MSY Busted For Breaking Australian Consumer Law (Again)

MSY Busted For Breaking Australian Consumer Law (Again)

Everybody’s favourite ultra-discount computer store MSY Technology has run foul of Australia’s consumer watchdog, again. This time, the ACCC is targeting MSY for apparently misleading customers on their rights around refunds, replacements and warranties.

After being slapped on the wrist with a $203,500 fine for dodgy warranty practices between 2010 and 2012, the ACCC is again pursuing MSY for similar practices it claims occurred between January 2013 and February of this year.

It’s saying statements made to customers on MSY’s website and in some of its 28 stores around Australia claimed the cut-rate PC components supplier reserved the right to choose whether to offer customers repairs, replacements or refunds for faulty parts, and also whether it wanted to offer any remedy at all. The ACCC also alleges that MSY told customers that administration fees would be charged for warranty work.

All of these are prima facie breaches of Australian Consumer Law, which offers customers statutory rights on the quality of the goods they buy. It usually includes the right to repair, replace or refunds, and cannot be excluded by a retailer.

ACCC commissioner Sarah Court on the upcoming Federal Court proceedings against MSY: “Businesses must not mislead consumers about their consumer guarantee rights. Consumers who have purchased a faulty product have a right under the consumer guarantees to remedies which businesses cannot restrict, alter, or remove. The ACCC is particularly concerned that this type of conduct by businesses which have a national presence has the potential to cause significant consumer harm.”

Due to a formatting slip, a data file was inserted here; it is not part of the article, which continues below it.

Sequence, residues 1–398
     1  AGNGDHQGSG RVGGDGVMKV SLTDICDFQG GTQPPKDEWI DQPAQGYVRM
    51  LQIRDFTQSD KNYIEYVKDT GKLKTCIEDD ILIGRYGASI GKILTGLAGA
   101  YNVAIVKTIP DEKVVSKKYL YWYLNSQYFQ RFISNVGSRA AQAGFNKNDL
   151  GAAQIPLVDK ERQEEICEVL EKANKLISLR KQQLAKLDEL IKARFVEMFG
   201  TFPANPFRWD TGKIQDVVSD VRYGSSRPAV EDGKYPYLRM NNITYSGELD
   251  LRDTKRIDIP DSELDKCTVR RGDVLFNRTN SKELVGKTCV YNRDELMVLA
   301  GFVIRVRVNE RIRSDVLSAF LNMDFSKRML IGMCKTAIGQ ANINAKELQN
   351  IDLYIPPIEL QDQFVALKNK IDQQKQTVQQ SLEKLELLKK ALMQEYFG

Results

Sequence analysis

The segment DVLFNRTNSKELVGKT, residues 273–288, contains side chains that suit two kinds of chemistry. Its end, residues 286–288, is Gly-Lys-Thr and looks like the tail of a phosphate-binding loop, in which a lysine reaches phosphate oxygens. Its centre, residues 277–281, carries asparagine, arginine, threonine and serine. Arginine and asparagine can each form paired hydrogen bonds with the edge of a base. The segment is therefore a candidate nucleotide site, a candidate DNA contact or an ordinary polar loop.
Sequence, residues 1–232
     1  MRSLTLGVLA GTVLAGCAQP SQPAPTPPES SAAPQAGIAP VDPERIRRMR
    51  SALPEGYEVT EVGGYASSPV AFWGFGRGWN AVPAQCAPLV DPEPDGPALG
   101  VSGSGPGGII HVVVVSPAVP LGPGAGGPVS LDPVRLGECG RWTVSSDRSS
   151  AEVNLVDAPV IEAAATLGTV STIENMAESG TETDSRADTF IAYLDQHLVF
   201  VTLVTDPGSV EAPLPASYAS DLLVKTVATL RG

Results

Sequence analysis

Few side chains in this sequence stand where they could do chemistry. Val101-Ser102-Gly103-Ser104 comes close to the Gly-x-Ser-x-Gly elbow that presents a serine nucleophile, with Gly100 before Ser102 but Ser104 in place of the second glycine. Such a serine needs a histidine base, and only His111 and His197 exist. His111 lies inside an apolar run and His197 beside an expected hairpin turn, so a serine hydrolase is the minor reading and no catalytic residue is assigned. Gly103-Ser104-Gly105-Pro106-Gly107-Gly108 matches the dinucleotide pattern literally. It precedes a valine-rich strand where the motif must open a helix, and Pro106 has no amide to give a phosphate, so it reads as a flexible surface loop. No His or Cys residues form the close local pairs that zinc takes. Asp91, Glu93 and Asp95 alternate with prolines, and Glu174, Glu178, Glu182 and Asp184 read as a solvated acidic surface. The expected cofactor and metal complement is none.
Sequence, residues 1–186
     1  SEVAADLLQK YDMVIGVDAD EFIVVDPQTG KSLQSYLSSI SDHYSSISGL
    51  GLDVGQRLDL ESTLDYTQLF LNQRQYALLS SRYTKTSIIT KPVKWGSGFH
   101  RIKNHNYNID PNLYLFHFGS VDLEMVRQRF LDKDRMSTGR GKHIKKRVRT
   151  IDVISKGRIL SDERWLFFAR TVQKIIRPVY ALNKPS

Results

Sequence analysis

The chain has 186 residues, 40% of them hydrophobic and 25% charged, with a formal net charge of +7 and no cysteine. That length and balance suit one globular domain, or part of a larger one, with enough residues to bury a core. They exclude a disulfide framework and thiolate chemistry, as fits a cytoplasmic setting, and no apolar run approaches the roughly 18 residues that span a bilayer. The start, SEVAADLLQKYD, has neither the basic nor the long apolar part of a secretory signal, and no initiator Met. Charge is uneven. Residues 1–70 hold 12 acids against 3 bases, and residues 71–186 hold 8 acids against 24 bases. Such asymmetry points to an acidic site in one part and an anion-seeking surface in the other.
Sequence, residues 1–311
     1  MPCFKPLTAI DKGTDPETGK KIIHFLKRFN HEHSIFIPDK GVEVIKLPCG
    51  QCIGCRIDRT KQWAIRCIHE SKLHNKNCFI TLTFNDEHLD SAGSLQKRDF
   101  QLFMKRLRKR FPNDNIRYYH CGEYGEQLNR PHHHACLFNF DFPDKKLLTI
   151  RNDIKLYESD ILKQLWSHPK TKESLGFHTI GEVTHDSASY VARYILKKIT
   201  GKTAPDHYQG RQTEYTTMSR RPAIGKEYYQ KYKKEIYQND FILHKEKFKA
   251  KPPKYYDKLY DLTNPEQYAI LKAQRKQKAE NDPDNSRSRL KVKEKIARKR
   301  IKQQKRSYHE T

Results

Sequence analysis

Australia’s competition and consumer watchdog wants an injunction against MSY’s statements, penalties for the actions already taken, promises that it won’t happen again, and a “comprehensive compliance program” to make sure of that fact. In its statement, the ACCC does take pains to point out that all of this has happened before, too. [ACCC]


  • Everybody’s favourite ultra-discount computer store MSY TechnologyThat’s ‘Everybody’ minus me.

    I once had a need to return a Dead-on-Arrival HDD I’d purchased at MSY. Their sales-person started off on the ‘we return this to the manufacturer, etc, etc and you can expect a reply in 6~8 weeks’. When I countered with the fact that I had purchased it yesterday and it was DoA and had not failed in use and all I wanted was a replacement, the sales-person and another sales-person started chatting to each other in a foreign language (I presume from East Asia?), then fell back on the ‘I don’t understand what you say’ ploy. Nothing I could say would penetrate this stone-walling; even quoting the Consumer Law about this situation (a mate had pre-warned me) was to no avail.

    I vowed at that moment NEVER to darken any of their doors again. As to the HDD, I shipped it back to the manufacturer’s return address in Sydney myself and had a replacement at my door in 5 days.

  • You would think that MSY would have learned their lesson last time. Clearly a $203,500 fine was nowhere near enough and the owners/management have just brazenly continued their shonky business practices.

    Maybe the fine should have been $2,035,000.
    With this second offence, the company fine must be at least $1million.
    To help the message sink in, 30 days gaol with no parole for all the company directors and the CEO wouldn’t hurt.

  • If you want a laugh, check out the first case at para [95].

    Insofar as special deterrence is concerned I do not think that much is required. The respondents have now put in place appropriate programmes and have co-operated fully. I do not think that there is likely to be a repetition of the conduct.


    The maximum penalty for false or misleading representations is 1.1 million for corporations, I feel the Federal Court will lean more towards that figure this time around 😉 Can’t plead ignorance now boys.

    Refuse to go to MSY Cannington anymore unless the manufacturer has a decent after sales service, it’s not worth the cost of dealing with them.

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